The Reflection Paper discusses methodological aspects of non-interventional studies (NIS) using real-world data (RWD) to generate real-world evidence (RWE) for regulatory purposes.

The draft document on the use of real-world data in NIS to generate RWE is open for comment until 31 August 2024.

While clinical trials are the main source of evidence for the assessment of benefits and risks of medicinal products in marketing authorization procedures (they generally use randomisation, blinding, and a controlled environment), NIS are so far more accepted in post-authorization safety assessments.

Their use to assess the efficacy of medicinal products is hampered by methodological restrictions, such as the absence of randomisation, uncontrolled conditions, non-standardised treatments and uncertainties about data quality and completeness.

The reflection paper provides some examples where NIS using RWD have supported regulatory decision-making processes.

  • To perform post marketing monitoring, investigate safety concerns and evaluate the effectiveness of risk minimisation measures.
  • To describe patterns of drug utilisation.
  • To characterise disease epidemiology.
  • To validate outcome measures.
  • To support the feasibility assessments and the planning of non-interventional post authorisation safety, efficacy and medicinal products utilisation studies.
  • To compare patient characteristics of the study population to those of the clinical practice population in the real-world.
  • To understand the clinical context, by describing standards of care, variability in clinical practices and unmet medical needs.



Non-interventional studies play an increasing role in the generation of evidence to define and complete the totality of the evidence required for novel vaccines and treatments as well as label extension for existing therapies.

The wide variety in research objectives, study designs, data and methods present a challenge for standardisation; on the other hand, the regulatory authorities evaluating the evidence generated from NIS and the different stakeholder groups have different expectations regarding their use and fitness for purpose.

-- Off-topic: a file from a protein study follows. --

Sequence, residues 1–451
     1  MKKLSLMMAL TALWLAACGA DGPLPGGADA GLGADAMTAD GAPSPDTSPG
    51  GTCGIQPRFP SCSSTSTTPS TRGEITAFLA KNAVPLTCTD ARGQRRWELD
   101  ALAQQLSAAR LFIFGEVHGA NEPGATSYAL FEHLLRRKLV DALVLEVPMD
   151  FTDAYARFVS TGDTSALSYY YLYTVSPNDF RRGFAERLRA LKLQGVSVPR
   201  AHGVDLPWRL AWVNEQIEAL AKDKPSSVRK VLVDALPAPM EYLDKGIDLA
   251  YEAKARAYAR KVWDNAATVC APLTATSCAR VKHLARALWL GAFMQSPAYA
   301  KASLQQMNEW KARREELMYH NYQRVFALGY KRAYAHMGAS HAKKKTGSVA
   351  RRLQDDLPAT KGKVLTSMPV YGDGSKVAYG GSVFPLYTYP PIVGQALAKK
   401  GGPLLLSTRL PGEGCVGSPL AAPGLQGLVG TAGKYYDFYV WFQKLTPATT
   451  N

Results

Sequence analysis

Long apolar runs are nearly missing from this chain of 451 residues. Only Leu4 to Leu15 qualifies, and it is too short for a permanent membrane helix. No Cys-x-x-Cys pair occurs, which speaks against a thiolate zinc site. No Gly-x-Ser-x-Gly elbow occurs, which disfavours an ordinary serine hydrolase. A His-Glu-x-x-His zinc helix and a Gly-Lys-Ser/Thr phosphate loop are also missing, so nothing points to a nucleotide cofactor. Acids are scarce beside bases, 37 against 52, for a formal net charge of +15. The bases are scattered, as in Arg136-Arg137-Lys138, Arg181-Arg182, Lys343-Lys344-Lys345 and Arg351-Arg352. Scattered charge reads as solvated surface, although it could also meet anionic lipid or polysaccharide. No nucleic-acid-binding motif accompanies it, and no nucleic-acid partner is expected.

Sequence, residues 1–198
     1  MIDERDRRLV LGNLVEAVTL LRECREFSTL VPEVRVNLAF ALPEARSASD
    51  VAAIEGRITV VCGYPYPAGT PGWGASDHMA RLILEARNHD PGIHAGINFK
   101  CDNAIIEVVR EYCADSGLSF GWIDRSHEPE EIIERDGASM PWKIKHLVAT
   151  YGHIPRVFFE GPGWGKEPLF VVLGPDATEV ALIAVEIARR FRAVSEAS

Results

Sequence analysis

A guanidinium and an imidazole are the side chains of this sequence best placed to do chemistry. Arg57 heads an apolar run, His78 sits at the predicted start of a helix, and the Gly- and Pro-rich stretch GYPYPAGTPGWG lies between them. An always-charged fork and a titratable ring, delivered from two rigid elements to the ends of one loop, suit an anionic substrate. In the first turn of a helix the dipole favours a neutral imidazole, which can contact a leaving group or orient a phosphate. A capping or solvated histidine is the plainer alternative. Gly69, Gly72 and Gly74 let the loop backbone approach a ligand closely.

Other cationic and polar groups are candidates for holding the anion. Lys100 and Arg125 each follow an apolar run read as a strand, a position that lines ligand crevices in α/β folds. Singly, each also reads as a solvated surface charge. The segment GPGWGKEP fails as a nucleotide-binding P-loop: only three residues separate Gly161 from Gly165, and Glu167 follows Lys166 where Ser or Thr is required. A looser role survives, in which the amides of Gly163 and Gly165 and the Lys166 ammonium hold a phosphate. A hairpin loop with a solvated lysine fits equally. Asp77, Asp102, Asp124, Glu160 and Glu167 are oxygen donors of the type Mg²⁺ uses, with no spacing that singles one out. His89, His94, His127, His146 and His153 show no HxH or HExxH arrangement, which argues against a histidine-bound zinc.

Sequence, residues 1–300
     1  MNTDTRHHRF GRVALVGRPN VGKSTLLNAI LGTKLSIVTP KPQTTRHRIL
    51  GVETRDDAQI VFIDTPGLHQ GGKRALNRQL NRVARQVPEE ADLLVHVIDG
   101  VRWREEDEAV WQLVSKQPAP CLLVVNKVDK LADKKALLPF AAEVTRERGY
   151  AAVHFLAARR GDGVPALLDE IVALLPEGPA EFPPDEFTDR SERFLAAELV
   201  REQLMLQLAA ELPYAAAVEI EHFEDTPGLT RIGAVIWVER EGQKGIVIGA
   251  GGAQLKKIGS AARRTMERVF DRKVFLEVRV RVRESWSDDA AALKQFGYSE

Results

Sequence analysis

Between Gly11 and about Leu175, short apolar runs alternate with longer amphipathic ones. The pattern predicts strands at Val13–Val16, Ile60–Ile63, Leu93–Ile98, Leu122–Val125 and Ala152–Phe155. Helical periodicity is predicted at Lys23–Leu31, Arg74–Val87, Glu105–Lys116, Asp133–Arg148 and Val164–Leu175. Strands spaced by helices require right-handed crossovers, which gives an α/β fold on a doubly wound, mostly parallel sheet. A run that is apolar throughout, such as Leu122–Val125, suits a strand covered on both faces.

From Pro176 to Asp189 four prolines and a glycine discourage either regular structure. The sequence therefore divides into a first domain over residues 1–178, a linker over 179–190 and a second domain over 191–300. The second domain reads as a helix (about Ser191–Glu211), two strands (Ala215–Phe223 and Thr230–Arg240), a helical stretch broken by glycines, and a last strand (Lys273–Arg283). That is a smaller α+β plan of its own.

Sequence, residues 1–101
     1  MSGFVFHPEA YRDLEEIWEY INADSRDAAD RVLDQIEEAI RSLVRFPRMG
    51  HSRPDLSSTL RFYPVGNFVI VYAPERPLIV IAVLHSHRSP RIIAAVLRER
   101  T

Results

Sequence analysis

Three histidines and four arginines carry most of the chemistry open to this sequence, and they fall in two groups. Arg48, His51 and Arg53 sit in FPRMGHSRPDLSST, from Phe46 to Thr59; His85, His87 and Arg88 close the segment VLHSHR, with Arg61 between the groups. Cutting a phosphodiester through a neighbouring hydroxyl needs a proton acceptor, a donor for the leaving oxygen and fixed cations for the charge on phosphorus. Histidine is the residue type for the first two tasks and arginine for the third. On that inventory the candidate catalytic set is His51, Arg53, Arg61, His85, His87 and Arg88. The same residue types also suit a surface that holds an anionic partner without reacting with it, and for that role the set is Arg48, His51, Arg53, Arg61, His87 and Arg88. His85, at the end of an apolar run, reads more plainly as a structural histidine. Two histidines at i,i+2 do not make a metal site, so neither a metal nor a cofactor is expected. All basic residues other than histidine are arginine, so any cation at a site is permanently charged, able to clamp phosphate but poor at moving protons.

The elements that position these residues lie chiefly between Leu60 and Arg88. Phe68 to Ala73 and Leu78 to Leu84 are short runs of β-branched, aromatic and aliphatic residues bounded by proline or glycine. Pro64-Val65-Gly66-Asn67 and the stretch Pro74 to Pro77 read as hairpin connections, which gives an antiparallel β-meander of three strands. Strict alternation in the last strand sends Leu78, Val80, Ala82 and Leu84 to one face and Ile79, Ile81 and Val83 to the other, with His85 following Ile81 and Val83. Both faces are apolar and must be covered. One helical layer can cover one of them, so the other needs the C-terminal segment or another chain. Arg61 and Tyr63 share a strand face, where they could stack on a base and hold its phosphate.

It is important to continue the effort to achieve a shared approach.




  • The use of Real-World Data (RWD) is increasingly embedded in the scientific evaluation of human medicines.The newly published EMA document on the topic (Guidance on Real-world evidence provided by EMA), explains:
    • how RWE, derived from analysis of RWD, can be useful in the context of regulatory decision-making,
    • what types of studies can be conducted,
    • how the EMA can help identify the best resources to address a research question.


    An analysis of the RWD provided by the EMA could help

    • to fill knowledge gaps;
    • to provide independent and transparent RWE sources;
    • to carry out specific analyses tailored to the individual case, e.g. to support the work of EMA’s scientific committees;
    • generate evidence more quickly, shortening the process steps that an MAH would have to comply with to obtain the corresponding study approved;
    • avoid unnecessary duplication and inefficiency that might be typical of studies done by industry.

    An overview of the three main areas in which RWE can support regulatory decision-making is shown in the figure below (taken from the document).


    EMA’s Big data website.

The European Medicines Agency (EMA) has updated the Questions and Answers on the outsourced activities chapter to include “Chains of Contracts” in the pharmaceutical industry, a “setup” where one or more parties (sites/companies) are acting as signatory in a chain of contracts that links them together.

This new setup represents an innovative approach that allows greater flexibility in contractual relationships between different entities involved in the production of medicines, while maintaining high quality and safety standards.

Therefore, the setup introduces one or several separate legal entities between the contract giver such as MAH and MIA holder responsible for QP certification of the product and the contract manufacturer or any other entities included in the manufacturing/supply chain as a contract acceptor. In fact, the GMP activities concerned are sub-contracted over one or several levels”.



The Questions and Answers clarifies in which exceptional cases such a “chain of contract” setup would be acceptable instead of direct written contracts, the conditions to be met are as follows:

  • robust and timely communication – It should be ensured that robust and timely communication between the MAH, the MIA holder responsible for QP certification and the contract manufacturers is secured through the “chain of contracts”.
  • Access to contracts – The MIA holder and the QP should have access to all of the contracts in the “chain of contracts”. Contract manufacturers should have access to those contracts relevant to the activities they perform and the associated responsibilities. As per EU GMP Chapter 4 all these contracts are to be considered as part of the Pharmaceutical Quality System.